green-travel-asia

Travelling Within Asia: How to Keep It Green

Once you’re safely settled into your new country, you may want to start exploring Asia and taking advantage of the breathtaking scenery, wildlife and culture that is suddenly on your doorstep. However, sometimes the consequence of lots of people travelling is damage caused to the very place they’ve been to see. Fortunately, there are plenty of opportunities for both eco-tourism and conservation holidays within Asia that will not only reduce the environmental impact of your travels, but also give you and your family the chance to learn about local communities and methods of protecting the environment.

green travel asia

Give a helping hand

If you would like to actively do something to help protect some of the most beautiful and interesting environments in the world, there is a wide range of holidays that allow you to get your hands dirty and see the fruits of your labours. Ecoteer offers a number of opportunities for volunteering in Asia to help protect local habitats and environments, such as the Marine Conservation project in Cambodia. The project allows travellers to help out with conservation efforts by assisting in research of the coral reef, as well as teaching English at a local school. There is no need to have prior experience of diving, as it is all taught as part of the program. Other such opportunities with Ecoteer include volunteering at a wildlife rescue centre in Thailand and assisting the Starling conservation project in Bali. The holidays vary in length, and there is a wide range from which to choose to ensure that you find one that suits you. If you would like to combine environmental work with helping a local community, there are many holiday packages that can provide both. Volunteer Holidays, for example, run an Encourage program that combines luxury with volunteering in the local communities. Operating in Cambodia, Thailand and Vietnam, the program allows you to stay in top class resorts and hotels while volunteering on projects such as delivering livestock, building a water well, teaching English and helping with farming. The program is the perfect holiday for those who want to help, but don’t want to sacrifice a little luxury on their time off.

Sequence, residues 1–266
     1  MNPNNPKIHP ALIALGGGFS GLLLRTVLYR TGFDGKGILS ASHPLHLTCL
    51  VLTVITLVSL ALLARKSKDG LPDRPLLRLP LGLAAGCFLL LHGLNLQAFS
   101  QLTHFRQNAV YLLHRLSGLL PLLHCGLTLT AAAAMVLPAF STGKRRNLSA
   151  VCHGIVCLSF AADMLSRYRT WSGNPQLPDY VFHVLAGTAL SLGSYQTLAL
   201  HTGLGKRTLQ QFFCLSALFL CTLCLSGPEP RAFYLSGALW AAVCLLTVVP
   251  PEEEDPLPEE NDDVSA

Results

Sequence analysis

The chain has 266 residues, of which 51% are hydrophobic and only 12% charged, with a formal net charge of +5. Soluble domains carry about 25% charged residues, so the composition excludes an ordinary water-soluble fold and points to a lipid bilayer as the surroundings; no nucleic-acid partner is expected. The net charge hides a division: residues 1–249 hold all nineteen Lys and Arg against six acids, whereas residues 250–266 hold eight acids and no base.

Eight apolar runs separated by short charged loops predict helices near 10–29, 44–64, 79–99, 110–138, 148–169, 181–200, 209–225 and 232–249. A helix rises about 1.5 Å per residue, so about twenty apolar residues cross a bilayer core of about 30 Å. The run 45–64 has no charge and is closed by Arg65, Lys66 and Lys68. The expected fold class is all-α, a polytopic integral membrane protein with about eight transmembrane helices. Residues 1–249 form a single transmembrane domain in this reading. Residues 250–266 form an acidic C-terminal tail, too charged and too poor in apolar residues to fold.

Reducing your carbon footprint

While you may not want an active holiday, it is still important to consider the environmental impact of your travel. Many tourism companies are making changes to their operations to reduce their impact on the environment. The Nihiwatu Resort on the Indonesian island of Sumba, for example, has been designed and made using local materials and the company plays a key role the Responsible Tourism movement, actively supporting the Sumba Foundation and its efforts to reduce the consequences of poverty on the island of Sumba. The resort boasts being able to provide visitors with an opportunity to lose themselves in the serenity of the tropical forests and beaches of Sumba. Alternatively, the more adventurous traveller might be more interested in Topas Ecolodge in Vietnam. The lodge is committed to sourcing its resources locally and gives tourists an experience of total isolation from the world in which they usually live. The lodges and bungalows have no swimming pool or spa facilities, nor TV, and are prone to power cuts. However, they give tourists the chance to explore a remote area of Vietnam and to learn about traditional village life. The Ecolodge has been built to blend into the local environment and to bring the financial benefits of tourism to the villages of Sapa without bringing the negative aspects too.

Explore Asia by sea

There was once a time when cruises were not the favoured choice of the environmentally conscious traveller. Recently, however, cruise lines have been investing in research and development to ensure that they can continue to provide tourists with wonderful experiences without having too negative an impact on the environment. Cruises offer a unique way to explore Asia, providing you with some stunning views and beautiful weather. Whether you want a short cruise taking you from Singapore to Malaysia, or a long cruise that takes you to see Vietnam, Hong Kong, Japan and Korea, there are plenty of options to choose from. However, there are some key things to consider before booking to ensure that the cruise line offers environmentally friendly cruises. Iglu cruise reports that Royal Caribbean, for example have started to use biodiesel on board, while Celebrity Cruises have installed photovoltaic panels to use the energy of the sun to light their Solstice class ships. New cruise ships are also being designed to be more efficient so that they use less fuel to travel. Once you’ve booked, you can continue to consider the environment in your preparations, such as investing in some eco-friendly swimwear in which you can enjoy a dip in the on board pools, or buying some biodegradable sun cream. Biodegradable sun cream is made without using harmful chemicals, as these chemicals are destroying the world’s coral reefs when you go swimming in the warm waters that surround Asia’s coastlines.

It is essential that we continue to protect the environments in which we live, but sometimes it is easy to forget the environmental impact that we have when we visit another community. The boom in ecotourism has fortunately provided more opportunities to explore new parts of the world while ensuring that the only impact we leave is a positive one.

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